The expert review panel that has been engaged in assessing policies and practices of the Fort Worth Police Department presented its preliminary observations during the Fort Worth’s city council work session this week. It expects to release its final report and recommendations in October.
The panel, appointed by city manager David Cooke in November, is led by Dr. Theron Bowman and Dr. Alex Delcarmen. It also includes six other members who have various connections to civil rights groups and law enforcement.
During its initial review, the panel met with and interviewed many officers and leaders in the police department, Bowman told the city council.
“We didn’t talk to a single officer who wasn’t committed to doing the right thing on the street,” Bowman pointed out.
The recommendations cover six areas and are meant to “build trust, improve internal accountability, and ensure that police services are delivered in a manner that reflects the community’s values.”
First, the use of force policies of the department are well-written to emphasize the sanctity of human life, justice, and that community members be treated with dignity and respect. However, the panel asserted that officers’ conduct in the community does not “uniformly adhere to these policies.”
Among its recommendations in this area was to strengthen the accountability system and make clear that de-escalation is required where appropriate and a failure to do so is a serious violation subject to discipline. It also recommended revising Taser policies and training.
Chief Ed Kraus pointed out that the department is already beginning to implement changes in this area by adding “failure to de-escalate” to the disciplinary matrix for officers.
Second, the panel found that FWPD struggles in its community relations, especially in low-income areas of the city and with minority communities, noting that the issues don’t necessarily arise from the highly-publicized officer involved shootings, like that of Atatiana Jefferson last fall.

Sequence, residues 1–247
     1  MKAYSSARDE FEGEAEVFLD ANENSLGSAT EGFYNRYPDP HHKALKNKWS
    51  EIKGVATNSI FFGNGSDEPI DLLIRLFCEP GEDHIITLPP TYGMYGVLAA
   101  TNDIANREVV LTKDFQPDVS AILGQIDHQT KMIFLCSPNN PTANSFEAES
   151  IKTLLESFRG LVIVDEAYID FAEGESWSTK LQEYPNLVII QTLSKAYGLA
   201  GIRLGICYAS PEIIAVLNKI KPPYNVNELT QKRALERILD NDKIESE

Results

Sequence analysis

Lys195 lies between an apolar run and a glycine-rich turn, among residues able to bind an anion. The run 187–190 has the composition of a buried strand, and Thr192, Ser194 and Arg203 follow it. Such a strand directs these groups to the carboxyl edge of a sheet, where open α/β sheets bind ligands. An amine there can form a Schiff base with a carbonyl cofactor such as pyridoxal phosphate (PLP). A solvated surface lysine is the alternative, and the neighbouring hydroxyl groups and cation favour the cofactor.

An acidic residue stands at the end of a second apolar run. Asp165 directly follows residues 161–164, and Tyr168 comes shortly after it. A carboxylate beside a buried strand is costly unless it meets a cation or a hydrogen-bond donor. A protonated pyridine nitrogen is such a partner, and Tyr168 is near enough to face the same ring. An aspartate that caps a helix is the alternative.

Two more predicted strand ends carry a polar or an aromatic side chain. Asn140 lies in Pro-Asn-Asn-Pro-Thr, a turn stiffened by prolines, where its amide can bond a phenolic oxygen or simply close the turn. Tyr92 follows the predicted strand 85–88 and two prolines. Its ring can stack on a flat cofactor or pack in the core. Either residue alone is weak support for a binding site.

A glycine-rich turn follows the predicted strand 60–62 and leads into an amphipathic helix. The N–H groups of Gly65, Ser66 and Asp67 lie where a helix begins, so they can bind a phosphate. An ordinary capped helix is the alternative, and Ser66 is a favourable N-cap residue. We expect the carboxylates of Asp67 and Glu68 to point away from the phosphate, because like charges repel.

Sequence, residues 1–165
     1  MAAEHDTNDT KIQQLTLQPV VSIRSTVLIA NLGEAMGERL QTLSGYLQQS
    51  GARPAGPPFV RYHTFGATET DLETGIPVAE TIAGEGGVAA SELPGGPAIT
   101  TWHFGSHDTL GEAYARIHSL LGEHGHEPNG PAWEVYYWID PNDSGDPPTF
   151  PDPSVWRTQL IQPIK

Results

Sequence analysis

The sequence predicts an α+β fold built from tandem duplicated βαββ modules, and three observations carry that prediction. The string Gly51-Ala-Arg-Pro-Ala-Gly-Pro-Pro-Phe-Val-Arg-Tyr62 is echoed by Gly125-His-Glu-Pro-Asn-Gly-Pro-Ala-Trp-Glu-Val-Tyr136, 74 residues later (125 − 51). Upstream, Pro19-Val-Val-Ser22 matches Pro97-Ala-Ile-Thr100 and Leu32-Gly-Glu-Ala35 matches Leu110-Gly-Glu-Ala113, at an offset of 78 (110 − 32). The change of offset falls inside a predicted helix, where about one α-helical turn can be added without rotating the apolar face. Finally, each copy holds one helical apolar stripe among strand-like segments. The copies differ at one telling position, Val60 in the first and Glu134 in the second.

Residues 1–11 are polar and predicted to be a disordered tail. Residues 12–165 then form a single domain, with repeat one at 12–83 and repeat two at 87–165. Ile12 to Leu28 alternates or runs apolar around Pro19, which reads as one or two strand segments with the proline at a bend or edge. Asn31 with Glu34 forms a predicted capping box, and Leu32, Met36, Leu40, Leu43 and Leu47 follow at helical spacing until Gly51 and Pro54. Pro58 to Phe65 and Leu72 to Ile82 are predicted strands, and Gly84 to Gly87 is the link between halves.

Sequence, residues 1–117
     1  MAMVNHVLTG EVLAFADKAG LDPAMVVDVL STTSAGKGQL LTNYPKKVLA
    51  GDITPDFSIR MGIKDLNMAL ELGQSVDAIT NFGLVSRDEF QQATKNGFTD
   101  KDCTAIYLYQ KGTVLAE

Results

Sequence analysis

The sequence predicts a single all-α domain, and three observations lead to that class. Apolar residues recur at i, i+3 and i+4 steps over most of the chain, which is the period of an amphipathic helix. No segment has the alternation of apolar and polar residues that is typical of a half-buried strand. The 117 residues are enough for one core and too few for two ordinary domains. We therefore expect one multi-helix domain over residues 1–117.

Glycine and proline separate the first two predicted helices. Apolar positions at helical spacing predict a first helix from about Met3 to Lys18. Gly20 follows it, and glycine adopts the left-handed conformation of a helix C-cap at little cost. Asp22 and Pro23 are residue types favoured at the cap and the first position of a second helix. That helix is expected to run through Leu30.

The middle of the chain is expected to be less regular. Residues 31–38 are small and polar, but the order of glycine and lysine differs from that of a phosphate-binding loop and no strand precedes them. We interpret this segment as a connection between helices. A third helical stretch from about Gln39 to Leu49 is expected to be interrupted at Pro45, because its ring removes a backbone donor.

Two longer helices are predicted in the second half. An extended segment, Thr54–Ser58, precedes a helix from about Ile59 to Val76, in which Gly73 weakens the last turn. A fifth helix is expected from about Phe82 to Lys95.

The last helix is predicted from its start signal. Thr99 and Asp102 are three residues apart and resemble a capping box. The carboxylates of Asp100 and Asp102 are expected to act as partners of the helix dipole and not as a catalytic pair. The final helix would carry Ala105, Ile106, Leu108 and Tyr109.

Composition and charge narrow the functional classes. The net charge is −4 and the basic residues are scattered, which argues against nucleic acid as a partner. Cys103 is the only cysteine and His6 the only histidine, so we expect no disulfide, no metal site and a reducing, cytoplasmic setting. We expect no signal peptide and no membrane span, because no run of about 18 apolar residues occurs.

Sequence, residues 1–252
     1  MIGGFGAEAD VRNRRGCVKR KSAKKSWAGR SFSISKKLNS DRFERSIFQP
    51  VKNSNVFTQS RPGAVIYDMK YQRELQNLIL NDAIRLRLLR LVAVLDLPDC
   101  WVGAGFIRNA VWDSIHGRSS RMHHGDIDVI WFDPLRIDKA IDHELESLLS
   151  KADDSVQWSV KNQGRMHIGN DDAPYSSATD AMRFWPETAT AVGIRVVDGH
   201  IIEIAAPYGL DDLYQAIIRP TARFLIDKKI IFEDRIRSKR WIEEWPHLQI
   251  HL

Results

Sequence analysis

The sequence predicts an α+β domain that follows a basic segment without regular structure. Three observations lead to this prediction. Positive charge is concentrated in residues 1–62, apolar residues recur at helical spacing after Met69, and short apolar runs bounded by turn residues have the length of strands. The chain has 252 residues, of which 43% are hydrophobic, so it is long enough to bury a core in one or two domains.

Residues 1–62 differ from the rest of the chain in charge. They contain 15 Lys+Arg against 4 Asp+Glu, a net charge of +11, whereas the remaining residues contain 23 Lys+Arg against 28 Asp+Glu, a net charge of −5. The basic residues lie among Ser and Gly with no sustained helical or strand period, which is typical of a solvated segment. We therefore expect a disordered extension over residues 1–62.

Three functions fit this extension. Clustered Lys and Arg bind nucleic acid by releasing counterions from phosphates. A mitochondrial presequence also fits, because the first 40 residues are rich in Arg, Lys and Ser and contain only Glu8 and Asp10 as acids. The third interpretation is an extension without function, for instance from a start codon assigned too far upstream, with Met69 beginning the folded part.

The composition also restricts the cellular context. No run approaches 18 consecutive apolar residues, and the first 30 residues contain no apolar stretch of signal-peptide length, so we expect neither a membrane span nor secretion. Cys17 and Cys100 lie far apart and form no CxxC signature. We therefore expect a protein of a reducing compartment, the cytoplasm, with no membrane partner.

As part of its recommendations, the panel emphasized the value of the Office of Police Monitor, a position created earlier this year and recently filled by Kim Neal. The panel also recommended that the Neighborhood Police Officer Program continue to be revised and strengthened.
Third, the department’s crisis intervention team is not functional, according to the panel of experts, pointing to its availability only on weekdays from 8 a.m. to 5 p.m. and a lack of established protocols for referring those in need to service providers.
Kraus agreed that the team is too small and said that they have expanded it to 20 officers and covering two shifts, seven days a week. “We are committed to addressing these points as best we can,” he said.
Fourth, the panel found that the department’s accountability system was too fractured, hampering its effectiveness in ensuring disciple is applied consistently. Therefore, among other things, it recommended that the Internal Affairs practices be revised and increase training for Internal Affairs Detectives.
Fifth, the report included a commendation of the department’s leadership for its investment in developing and updating department policies, training, technology, and facilities. It, however, encouraged the revision of practices to ensure that the department reflects “racial, gender, LGBT status, disability, and other diversity of the community.”
Finally, while the department consistently and effectively collects data, the panel found that it fails to effectively utilize the data to identify strengths and weaknesses in its “training, supervision, policy, tactics, and accountability.” It recommended adopting a mechanism to include collected data in the ongoing discussion about improving the FWPD.
Fort Worth plans to present its operating budget to the city council on August 11. The budget may include changes to the FWPD budget as demanded by groups like Black Lives Matter. Cooke also said there is a planned workshop on “Diversity and Equity and Police-Related Programs” scheduled for August 14.
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Kim Roberts is a reporter for the Texan in the DFW metroplex area where she has lived for over twenty years. She has a Juris Doctor from Baylor University Law School and a Bachelor's in government from Angelo State University. In her free time, Kim home schools her daughter and coaches high school extemporaneous speaking and apologetics. She has been happily married to her husband for 23 years, has three wonderful children, and two dogs.